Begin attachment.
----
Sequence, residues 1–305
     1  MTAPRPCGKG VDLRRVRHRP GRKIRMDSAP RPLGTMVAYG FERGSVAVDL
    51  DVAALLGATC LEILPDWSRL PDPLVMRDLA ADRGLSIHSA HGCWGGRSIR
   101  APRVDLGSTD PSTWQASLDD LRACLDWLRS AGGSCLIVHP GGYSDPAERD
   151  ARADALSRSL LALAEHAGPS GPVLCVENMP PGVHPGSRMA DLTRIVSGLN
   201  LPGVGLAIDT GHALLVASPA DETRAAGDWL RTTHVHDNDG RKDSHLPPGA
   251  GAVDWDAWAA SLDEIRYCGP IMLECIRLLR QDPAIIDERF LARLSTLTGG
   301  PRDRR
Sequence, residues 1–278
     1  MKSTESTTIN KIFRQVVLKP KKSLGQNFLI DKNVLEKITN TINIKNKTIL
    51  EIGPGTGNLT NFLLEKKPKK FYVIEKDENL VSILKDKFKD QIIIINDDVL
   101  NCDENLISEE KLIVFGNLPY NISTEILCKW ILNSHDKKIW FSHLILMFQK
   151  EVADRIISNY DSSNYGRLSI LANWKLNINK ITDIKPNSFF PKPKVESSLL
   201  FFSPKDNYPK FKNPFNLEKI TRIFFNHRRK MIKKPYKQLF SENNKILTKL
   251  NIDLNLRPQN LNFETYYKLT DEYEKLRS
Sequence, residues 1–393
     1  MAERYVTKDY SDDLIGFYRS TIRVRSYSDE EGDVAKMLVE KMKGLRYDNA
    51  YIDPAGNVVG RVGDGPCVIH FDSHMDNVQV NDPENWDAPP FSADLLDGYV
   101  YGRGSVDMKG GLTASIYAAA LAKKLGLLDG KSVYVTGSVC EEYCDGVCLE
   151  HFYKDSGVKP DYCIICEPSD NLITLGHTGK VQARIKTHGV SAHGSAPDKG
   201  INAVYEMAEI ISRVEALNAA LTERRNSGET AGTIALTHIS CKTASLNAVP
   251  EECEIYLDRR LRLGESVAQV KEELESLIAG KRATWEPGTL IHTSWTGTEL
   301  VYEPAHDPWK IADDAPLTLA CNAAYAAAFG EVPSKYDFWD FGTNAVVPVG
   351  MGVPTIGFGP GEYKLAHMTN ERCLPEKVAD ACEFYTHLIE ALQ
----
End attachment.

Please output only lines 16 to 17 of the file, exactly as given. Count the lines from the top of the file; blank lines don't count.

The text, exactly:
Sequence, residues 1–393
     1  MAERYVTKDY SDDLIGFYRS TIRVRSYSDE EGDVAKMLVE KMKGLRYDNA